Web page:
Welcome, Febs

By THE EDITORIAL BOARD

Graphic by Jill Stauffer

One hundred and seven first-year students arrived on campus Feb. 6 to begin their orientation. These new students, commonly called Febs, are part of a tradition which began at Middlebury College nearly fifty years ago. Febs bring unique perspectives and talents to the Middlebury community. We are excited to meet all 107 new students and we’d like extend a warm welcome to the Class of 2022.5.  

The first couple months of college can be difficult. It can be hard to adjust to a new place filled with new people, challenging courses and the stressors of living apart from family. This can be even harder when you arrive on campus and there are other first-years who have been here for five months already and seem to have things figured out. 

As the spring semester begins, we are reminded of the barriers that often prevent Febs and September admits, sometimes called Regs, from getting to know each other. For the most part, these issues are institutional, having to do with housing and the Feb Orientation process. 

Febs are sometimes placed on first-year halls with other students, but many are sprinkled throughout the campus in buildings like Starr Hall. We recognize that the Feb program exists in part to fill the rooms left empty by students going abroad, so awkward housing assignments may sometimes be inevitable. But we think better programming can help ameliorate some issues and encourage students living near each other to interact more. 

We also realize that approaching students from other years can be intimidating for new Febs. Since each Feb class is small and goes through an intensive orientation process, many know almost everyone in their Feb class — but almost nobody outside of it.

Several initiatives have tried to improve integration between the classes, but they have produced middling results, in part because students are not given enough guidance. For example, the Feb-Reg “buddy” program has led to awkward experiences for Febs when their “buddies” try to include them in large group activities without taking the time to get to know them on an individual basis first. 

Members of our board have observed that new Febs and first-year students don’t seem to mingle at events that are specifically intended to give them opportunities to get to know each other, like Commons dinners. 

Part of the problem with initiatives and events like these is that they do not feature activities that push people out of their comfort zones. Of course, events should be appealing enough to attract attendees, but as they exist now, the students who participate are not given a real chance to make new friends. It would be better if events had more carefully delineated activities that made it difficult for students to keep to their pre-established friend groups. For example, orientation leaders could facilitate a Midd Uncensored event — the popular discussion-based program that takes place at September and February orientations — between first-years and first-year Febs.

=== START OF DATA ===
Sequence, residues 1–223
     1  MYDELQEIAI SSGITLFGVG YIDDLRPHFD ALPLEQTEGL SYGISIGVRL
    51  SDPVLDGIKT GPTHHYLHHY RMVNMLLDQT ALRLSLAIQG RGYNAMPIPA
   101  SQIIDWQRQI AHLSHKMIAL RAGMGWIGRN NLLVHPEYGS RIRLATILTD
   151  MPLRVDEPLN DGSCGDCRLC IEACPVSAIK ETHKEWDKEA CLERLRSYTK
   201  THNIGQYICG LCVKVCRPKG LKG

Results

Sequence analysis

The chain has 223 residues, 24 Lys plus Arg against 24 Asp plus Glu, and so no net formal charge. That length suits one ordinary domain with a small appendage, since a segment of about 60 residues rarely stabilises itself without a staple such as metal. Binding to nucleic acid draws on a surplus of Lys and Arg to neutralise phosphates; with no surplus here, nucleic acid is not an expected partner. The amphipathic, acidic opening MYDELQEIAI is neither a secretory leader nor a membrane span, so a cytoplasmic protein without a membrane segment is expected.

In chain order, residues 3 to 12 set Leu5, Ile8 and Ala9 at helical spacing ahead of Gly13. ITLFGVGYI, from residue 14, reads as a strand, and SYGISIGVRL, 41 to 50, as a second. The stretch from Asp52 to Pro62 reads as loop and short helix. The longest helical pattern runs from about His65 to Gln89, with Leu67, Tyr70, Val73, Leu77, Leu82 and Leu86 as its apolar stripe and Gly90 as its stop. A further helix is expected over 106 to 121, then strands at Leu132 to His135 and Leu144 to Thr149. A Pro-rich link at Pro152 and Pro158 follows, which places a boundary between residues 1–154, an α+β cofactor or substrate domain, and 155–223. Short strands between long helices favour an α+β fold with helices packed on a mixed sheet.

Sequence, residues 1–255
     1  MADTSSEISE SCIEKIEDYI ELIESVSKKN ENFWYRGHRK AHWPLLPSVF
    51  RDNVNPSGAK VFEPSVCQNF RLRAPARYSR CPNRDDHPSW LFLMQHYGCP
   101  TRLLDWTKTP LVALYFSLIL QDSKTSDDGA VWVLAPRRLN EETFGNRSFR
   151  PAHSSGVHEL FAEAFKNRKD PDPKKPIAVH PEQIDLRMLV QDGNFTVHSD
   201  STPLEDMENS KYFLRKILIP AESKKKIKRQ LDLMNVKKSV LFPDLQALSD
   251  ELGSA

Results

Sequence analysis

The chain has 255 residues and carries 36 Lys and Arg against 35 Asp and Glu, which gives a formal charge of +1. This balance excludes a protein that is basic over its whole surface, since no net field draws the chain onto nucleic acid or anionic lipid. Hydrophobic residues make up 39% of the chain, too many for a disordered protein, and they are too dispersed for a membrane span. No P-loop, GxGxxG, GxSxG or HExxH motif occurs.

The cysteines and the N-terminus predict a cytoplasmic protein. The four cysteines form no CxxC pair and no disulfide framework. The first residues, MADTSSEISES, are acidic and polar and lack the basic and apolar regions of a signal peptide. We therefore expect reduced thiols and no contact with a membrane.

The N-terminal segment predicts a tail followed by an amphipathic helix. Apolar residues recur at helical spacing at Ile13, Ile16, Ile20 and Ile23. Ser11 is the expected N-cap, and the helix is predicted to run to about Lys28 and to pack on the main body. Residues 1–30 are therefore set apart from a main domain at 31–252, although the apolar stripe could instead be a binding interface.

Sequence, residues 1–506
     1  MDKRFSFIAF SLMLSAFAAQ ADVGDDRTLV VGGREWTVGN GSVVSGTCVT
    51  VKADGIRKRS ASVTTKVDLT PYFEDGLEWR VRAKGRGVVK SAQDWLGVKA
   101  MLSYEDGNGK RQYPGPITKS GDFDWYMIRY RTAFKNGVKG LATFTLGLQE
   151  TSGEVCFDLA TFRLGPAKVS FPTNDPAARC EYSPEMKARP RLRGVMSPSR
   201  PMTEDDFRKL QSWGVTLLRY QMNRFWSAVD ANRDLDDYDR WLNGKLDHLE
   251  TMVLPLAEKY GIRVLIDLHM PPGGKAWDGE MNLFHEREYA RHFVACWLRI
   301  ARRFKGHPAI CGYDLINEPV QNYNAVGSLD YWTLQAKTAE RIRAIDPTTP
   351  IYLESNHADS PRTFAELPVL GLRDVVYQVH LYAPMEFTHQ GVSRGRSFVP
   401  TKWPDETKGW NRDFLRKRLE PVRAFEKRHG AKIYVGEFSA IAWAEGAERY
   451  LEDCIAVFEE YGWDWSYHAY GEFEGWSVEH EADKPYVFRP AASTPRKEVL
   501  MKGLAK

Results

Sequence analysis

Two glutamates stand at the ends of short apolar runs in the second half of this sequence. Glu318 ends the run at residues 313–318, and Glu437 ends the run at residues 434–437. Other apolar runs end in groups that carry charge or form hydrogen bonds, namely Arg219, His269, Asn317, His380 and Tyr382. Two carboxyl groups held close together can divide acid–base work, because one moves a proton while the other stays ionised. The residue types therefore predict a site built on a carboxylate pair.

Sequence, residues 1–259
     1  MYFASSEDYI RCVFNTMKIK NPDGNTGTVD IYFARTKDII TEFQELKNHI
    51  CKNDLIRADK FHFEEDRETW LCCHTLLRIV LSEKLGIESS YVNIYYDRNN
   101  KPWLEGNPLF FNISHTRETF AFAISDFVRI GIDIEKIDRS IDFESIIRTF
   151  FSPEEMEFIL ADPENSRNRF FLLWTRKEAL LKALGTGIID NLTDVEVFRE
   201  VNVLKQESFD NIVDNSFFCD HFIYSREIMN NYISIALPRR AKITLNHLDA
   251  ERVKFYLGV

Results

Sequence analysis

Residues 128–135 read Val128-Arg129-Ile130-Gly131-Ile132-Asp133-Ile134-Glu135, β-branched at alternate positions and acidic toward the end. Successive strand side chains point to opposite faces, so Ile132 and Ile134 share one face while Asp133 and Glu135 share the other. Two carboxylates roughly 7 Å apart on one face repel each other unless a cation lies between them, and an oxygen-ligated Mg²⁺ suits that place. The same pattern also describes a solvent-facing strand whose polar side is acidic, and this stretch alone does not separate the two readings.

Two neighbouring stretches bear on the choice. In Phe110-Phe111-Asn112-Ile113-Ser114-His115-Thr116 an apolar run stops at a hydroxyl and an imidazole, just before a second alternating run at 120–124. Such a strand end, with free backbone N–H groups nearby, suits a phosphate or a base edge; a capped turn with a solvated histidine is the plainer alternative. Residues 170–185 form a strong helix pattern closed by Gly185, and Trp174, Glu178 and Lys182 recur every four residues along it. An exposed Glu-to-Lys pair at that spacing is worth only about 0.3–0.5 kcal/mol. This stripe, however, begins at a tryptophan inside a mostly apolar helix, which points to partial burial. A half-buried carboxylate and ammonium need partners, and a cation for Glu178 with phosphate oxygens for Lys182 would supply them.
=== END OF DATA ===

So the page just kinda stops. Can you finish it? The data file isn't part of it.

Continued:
These events could also be better publicized. Most students find social activities on Facebook, so each Commons should use that platform to promote events.

Students who arrive at Middlebury in the Fall can fear seeming arrogant to the Febs who arrive just one semester later, so they may be hesitant to offer advice, but this community is one where most people want to be helpful and kind. So ask for help if you need it. 

We also encourage all students to invite potential friends, hall mates or classmates to grab a meal. The dining halls are some of the most social spaces on this campus. 

Another opportunity for friendship-building that could come from students themselves are joint events between FYCs and FebYCs. FYCs from different Commons sometimes combine events to give first-years the chance to get to know each other, and the same thing could easily be applied to first-year Febs and first-years. 

And the single most important piece of advice that we can offer this year’s new Febs is to join clubs and participate in other extracurricular activities. The student activities fair will be held this Friday, and it is a great way for Febs to get to know fellow students in every year who share common interests and passions. 

Middlebury needs more, better institutional support for social integration between Febs and non-Febs, especially those in their first year. With the college having just proposed changes to the residential life system, we look forward to seeing how community-building opportunities will expand in the future. 

The adjustment period after arriving college is just that — a period — and will pass with time. Febs, you too will soon begin to find your groove, your people and your interests. Your path to graduation may not be the same as most students on campus, but with some effort — and, we hope, added support from the college community — it will still be a good one.